Psoriasis continues to have a significant impact on quality of life, health-care resource utilisation, costs and productivity. A US study suggested that despite treatment, many psoriasis patients continue to experience clinical symptoms and impaired functioning (Schaefer et al., 2015).
Find out from Professor Andrew Blauvelt the importance of quality of life for patients with psoriasis.
Patients with more severe psoriasis have a greater reduction in quality of life (QoL) and work productivity (Korman et al., 2016). A study evaluating real-life experiences revealed that patients often suffer in ways not recorded by typical severity measures (Pariser et al., 2015). Patients reported that itching/scratching, flaking/scaling and skin pain had a significant impact on their social and emotional lives (Pariser et al., 2015).
Furthermore, the visible disfiguration associated with psoriasis, particularly when on exposed areas of the body, leads to a significant psychological impact and reduction in quality of life which can include relationship difficulties, employment problems and low self-esteem as well as avoidance of social situations and isolation (Boehncke & Boehncke, 2014; Cohen et al., 2012).
Depression and anxiety
Psoriasis is strongly associated with depression and anxiety (Dalgard, 2015).
A UK primary care cohort study that assessed psychiatric morbidity and suicidal behaviour among 56,961 patients with psoriasis and 876,919 patients without psoriasis found that patients with psoriasis had higher prevalence ratios (PR) for (Parisi et al., 2019):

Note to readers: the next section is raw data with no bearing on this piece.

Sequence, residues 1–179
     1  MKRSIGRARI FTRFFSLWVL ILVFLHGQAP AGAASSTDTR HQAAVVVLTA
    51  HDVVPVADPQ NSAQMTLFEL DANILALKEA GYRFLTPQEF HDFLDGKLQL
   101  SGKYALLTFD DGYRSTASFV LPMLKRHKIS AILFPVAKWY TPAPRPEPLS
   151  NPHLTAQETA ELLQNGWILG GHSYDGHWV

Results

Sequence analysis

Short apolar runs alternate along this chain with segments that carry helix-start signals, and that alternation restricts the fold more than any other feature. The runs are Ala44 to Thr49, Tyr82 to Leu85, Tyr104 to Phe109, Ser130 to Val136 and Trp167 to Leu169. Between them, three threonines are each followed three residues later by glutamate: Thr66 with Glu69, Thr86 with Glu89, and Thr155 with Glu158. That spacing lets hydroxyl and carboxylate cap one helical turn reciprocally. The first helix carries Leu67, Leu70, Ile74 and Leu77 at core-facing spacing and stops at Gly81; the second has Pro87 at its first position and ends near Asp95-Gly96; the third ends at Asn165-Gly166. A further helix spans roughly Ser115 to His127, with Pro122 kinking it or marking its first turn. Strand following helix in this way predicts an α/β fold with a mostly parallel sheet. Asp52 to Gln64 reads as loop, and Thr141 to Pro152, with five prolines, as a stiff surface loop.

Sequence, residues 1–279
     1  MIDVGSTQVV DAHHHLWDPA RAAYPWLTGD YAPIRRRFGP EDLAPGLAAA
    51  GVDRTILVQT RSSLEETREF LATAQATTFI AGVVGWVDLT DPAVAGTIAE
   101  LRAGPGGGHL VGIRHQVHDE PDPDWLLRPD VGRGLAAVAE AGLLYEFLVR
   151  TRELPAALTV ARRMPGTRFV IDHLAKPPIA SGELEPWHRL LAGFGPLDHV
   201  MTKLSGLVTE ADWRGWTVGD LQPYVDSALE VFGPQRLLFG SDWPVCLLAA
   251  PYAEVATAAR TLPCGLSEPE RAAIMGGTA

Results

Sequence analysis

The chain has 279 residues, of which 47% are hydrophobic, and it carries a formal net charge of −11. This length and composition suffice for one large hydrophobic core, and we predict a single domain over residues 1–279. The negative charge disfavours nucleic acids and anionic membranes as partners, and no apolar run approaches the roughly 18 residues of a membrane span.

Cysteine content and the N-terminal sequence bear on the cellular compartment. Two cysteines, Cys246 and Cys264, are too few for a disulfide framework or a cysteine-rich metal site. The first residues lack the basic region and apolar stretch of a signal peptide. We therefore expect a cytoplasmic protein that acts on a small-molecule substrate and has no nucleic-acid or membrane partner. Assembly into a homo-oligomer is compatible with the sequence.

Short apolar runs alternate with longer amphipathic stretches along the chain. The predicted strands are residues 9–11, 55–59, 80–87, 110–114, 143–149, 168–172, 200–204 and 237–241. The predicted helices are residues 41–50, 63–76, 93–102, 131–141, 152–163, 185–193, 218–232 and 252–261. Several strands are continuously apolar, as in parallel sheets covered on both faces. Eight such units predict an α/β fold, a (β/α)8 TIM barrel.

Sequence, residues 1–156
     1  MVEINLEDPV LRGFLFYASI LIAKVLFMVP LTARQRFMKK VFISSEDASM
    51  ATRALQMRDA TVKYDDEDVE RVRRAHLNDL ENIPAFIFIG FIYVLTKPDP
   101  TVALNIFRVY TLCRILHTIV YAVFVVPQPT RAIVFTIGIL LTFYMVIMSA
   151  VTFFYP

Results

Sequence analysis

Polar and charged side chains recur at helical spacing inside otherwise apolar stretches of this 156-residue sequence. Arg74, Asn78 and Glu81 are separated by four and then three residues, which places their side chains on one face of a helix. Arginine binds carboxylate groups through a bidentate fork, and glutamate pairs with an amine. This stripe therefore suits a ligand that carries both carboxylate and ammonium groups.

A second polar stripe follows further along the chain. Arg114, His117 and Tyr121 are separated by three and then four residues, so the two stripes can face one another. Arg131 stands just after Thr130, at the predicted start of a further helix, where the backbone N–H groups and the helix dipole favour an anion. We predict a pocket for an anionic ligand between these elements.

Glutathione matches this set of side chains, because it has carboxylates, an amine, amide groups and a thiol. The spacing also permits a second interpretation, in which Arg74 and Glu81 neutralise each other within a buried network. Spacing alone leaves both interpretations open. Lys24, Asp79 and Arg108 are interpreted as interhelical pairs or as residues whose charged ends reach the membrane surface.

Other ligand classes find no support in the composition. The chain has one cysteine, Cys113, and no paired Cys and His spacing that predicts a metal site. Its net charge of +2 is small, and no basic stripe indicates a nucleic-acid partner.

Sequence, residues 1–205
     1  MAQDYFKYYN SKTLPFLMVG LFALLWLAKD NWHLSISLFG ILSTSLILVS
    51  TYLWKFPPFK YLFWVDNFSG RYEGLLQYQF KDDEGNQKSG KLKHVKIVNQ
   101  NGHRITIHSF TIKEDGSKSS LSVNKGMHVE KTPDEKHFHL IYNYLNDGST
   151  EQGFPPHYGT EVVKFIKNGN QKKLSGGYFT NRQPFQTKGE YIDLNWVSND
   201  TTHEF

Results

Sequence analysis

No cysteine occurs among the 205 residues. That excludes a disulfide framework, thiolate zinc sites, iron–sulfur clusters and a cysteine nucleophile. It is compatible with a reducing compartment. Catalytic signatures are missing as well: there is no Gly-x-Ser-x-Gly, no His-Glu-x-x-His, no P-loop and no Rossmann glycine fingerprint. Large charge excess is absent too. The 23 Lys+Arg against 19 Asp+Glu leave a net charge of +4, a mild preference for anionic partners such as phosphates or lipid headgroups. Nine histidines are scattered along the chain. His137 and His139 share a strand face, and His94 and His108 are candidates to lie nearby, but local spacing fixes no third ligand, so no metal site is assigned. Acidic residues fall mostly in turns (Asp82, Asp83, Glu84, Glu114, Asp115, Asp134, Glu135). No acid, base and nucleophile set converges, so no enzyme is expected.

A history of alcohol misuse
Psychotropic medication prescription
Many cases of psoriasis begin in adolescence. In addition to the challenges seen in adult psoriasis patients, adolescents are also faced with additional and complex issues inherent to adolescence. It is therefore imperative that dermatologists and primary care physicians assess the psychosocial impact of psoriasis in adolescent patients to better identify the impact of the disease (Gonzalez et al., 2016).
Work absenteeism and lost productivity
A French national survey comparing people with and without psoriasis using an online questionnaire found that:(Claudepierre et al., 2018):
Patients with psoriasis being treated with systemic therapies (PsoST) had greater sickness and absenteeism rates than those with psoriasis only (PsO)
48% vs. 31% in the last 12 months, respectively
Sick leave within the previous 12 months was highest in patients with psoriasis andpsoriatic arthritis (PsO + PsA) but sickness in both the PsO + PsA group and the PsoST group was significantly higher than the control group
66% vs. 35%, respectively; p<0.05
The impact on work productivity, measured by an estimated mean decrease in productivity over the previous 7 days in those with active psoriasis, was significantly higher for those in the PsoST group and the PsO + PsA group compared to the controls
43.3% and 57.6% vs. 27.9%, respectively (p<0.05 for both)
A 12-study systematic review and meta-analysis found the following pooled relative risks (RR) for all-cause mortality (Dhana et al., 2019):
1.13 (95% CI 1.09–1.16) in mild psoriasis
1.52 (95% CI 1.35–1.71) in severe psoriasis
The pooled RRs for cardiovascular mortality were
1.05 (95% CI 0.92–1.20) in mild psoriasis
1.38 (95% CI 1.09–1.74) in severe psoriasis
For noncardiovascular causes, mortality risk from liver disease, kidney disease, and infection was significantly increased in psoriasis, regardless of disease severity. There was also a significantly increased mortality risk associated with neoplasms in severe psoriasis patients and chronic lower respiratory disease in all and mild psoriasis patients (Dhana et al., 2019).